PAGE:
Facilitated By

San Antonio Medical Foundation

An Innovative Approach to Airway Securement in Civilian and Military Emergency Trauma

The University of Texas at San Antonio

The University of Texas at San Antonio is an emerging Tier One research institution with nearly 29,000 students.

Principal Investigator(s)
Hood, Robert,
Feng, Yusheng,
De Lorenzo, Robert,
Blackburn, Megan
Collaborating Institutions
UT Health San Antonio,
US Army Institute for Surgical Research
Funded by
San Antonio Medical Foundation
Research Start Date

Current practices for airway management in traumatic injury care are profoundly inadequate. During immediate care of a trauma patient, securing the airway is often the top priority for the attending provider. Studies have shown that tracheal intubation complications occurred in ~20% of attempts. Surgical airways such as cricothyrotomy are often promoted as an alternative, but pre-hospital failure rates ranging from 18-33% suggest this approach is not a viable solution.

Discussions with experienced medics and emergency health professionals have identified possible shortcomings, outside of training and experience limitations, in the standard-of-care approach to endotracheal intubation: 1) Failure to locate the trachea because of injury, swelling, presence of debris, etc.; 2) Inability to insert the ET tube properly because of environmental conditions and trauma, and because the tube is a large, fixed-diameter, inflexible device that does not adapt well to anatomical variations; and 3) Improper securement resulting in unintended dislodgement, leading to airway failure.To address these needs, we propose a complete re-engineering of the endotracheal (ET) tube through innovative geometrical designs, incorporation of smart materials, and integration of real-time feedback systems. To do this, we will assess the viability of utilizing: 1) shape memory materials (SMMs); 2) phase transforming cellular materials (PXCMs); and 3) feedback sensors (e.g. spectral reflectance) to produce an innovative ET tube design with substantially enhanced performance and ease of use. Research objectives include designing and fabricating the novel ET tube designs based on SMMs and PXCMs, integrating feedback sensors, and testing the completed prototypes in cadaver and mannequin models.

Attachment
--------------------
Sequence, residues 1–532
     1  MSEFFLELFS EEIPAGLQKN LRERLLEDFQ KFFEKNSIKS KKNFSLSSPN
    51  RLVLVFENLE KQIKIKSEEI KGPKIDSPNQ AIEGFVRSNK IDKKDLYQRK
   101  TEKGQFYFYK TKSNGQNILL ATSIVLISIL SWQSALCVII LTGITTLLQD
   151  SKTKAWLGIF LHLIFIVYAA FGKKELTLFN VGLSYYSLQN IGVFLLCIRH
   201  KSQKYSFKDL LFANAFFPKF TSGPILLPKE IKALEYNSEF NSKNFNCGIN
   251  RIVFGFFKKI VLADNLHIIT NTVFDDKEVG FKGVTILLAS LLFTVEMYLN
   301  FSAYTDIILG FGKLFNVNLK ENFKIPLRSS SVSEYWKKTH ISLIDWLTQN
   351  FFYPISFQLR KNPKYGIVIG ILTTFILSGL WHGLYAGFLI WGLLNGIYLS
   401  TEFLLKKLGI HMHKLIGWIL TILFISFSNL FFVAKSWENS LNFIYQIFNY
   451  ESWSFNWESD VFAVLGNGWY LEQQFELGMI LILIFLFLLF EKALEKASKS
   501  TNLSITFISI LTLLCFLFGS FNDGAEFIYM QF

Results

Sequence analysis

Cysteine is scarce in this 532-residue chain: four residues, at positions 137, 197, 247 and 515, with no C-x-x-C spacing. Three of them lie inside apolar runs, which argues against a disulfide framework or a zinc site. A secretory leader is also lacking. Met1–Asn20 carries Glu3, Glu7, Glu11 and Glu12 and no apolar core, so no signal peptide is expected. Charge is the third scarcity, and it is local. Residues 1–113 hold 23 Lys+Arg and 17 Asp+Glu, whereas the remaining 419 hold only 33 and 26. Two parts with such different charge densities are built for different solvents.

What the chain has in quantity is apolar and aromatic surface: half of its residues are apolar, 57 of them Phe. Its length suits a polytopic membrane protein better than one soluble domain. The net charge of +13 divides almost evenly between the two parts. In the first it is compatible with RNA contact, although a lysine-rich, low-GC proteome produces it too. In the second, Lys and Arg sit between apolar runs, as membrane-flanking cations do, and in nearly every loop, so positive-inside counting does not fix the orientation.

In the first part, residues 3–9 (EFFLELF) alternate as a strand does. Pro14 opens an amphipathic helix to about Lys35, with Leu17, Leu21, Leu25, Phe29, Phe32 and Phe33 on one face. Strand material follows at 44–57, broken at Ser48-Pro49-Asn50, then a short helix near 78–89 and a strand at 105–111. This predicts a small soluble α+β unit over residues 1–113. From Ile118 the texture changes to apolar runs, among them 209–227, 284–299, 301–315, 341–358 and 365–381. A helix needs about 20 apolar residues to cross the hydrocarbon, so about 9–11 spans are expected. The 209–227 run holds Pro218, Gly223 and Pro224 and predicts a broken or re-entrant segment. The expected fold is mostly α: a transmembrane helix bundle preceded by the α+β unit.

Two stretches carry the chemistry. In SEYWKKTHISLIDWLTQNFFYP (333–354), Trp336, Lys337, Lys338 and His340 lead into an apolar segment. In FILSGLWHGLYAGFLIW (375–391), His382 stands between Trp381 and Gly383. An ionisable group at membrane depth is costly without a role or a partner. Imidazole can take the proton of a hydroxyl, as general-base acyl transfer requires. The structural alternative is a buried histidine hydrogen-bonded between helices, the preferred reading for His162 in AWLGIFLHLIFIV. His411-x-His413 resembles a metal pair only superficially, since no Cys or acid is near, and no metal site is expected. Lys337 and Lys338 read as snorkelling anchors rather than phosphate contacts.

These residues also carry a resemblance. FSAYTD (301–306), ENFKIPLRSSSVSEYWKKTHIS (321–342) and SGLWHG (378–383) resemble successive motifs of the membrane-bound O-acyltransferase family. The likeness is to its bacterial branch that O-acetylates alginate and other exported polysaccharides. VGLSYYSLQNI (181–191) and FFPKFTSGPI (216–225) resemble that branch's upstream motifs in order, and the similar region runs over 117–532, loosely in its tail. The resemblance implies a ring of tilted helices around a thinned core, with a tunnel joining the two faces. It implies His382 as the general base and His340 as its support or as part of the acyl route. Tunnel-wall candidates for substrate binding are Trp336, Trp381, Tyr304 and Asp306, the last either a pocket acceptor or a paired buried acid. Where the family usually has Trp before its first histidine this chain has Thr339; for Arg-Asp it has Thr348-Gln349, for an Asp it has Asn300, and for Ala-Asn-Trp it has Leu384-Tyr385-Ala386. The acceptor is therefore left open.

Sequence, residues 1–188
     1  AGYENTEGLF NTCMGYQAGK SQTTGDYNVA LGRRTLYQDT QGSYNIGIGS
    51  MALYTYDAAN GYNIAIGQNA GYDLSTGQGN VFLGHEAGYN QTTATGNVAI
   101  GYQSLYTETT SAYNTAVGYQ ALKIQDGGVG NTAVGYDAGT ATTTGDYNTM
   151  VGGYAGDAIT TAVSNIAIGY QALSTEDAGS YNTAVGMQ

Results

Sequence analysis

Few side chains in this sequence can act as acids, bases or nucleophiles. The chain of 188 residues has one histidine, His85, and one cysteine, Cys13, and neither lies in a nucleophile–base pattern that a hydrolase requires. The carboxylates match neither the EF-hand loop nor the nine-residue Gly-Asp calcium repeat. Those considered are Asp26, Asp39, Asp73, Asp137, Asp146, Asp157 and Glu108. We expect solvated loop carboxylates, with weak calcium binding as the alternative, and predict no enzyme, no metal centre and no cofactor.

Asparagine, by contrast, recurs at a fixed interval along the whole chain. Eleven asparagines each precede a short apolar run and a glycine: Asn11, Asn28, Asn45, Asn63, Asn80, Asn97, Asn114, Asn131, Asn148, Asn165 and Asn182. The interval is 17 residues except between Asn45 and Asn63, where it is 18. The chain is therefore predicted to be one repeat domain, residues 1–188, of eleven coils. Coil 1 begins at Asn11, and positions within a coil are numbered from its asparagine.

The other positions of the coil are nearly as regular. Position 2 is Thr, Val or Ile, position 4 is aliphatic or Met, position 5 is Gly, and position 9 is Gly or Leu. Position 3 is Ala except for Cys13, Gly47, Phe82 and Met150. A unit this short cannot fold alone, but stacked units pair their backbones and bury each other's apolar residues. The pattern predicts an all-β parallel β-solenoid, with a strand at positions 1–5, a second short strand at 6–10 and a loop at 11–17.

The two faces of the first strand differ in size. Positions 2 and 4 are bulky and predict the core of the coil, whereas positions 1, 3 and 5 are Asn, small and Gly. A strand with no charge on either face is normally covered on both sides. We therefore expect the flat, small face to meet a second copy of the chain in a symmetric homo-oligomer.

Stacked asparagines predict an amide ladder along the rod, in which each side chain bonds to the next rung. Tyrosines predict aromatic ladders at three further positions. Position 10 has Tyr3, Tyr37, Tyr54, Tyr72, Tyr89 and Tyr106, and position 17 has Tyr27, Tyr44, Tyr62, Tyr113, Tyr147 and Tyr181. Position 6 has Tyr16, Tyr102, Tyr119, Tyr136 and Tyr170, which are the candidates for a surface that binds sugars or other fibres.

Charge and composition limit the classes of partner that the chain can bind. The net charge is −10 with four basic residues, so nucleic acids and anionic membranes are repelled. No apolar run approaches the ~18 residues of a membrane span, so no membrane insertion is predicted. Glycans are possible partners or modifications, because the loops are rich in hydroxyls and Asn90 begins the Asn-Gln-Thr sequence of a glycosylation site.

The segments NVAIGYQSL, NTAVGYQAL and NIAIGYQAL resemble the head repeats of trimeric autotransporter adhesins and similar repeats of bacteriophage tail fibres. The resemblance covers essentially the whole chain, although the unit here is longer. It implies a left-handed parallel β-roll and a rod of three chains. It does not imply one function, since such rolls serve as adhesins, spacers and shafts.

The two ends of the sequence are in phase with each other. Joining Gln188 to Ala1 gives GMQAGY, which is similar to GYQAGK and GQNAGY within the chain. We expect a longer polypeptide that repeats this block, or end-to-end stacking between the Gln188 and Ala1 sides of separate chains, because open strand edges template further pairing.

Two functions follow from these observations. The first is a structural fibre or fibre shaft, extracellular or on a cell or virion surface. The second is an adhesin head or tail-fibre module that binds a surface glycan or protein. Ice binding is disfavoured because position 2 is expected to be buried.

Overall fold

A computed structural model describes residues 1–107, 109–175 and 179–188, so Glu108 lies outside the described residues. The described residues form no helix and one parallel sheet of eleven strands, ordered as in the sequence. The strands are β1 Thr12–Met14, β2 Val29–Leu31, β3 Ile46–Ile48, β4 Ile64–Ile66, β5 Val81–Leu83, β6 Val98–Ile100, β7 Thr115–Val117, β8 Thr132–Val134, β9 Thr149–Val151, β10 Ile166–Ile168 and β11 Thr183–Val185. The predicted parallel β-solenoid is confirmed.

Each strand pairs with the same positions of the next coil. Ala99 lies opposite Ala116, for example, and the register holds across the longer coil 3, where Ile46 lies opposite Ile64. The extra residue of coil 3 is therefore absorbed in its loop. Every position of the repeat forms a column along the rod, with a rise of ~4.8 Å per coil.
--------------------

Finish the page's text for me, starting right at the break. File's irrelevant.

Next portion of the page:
Collaborative Project
Clinical Care
Medical Devices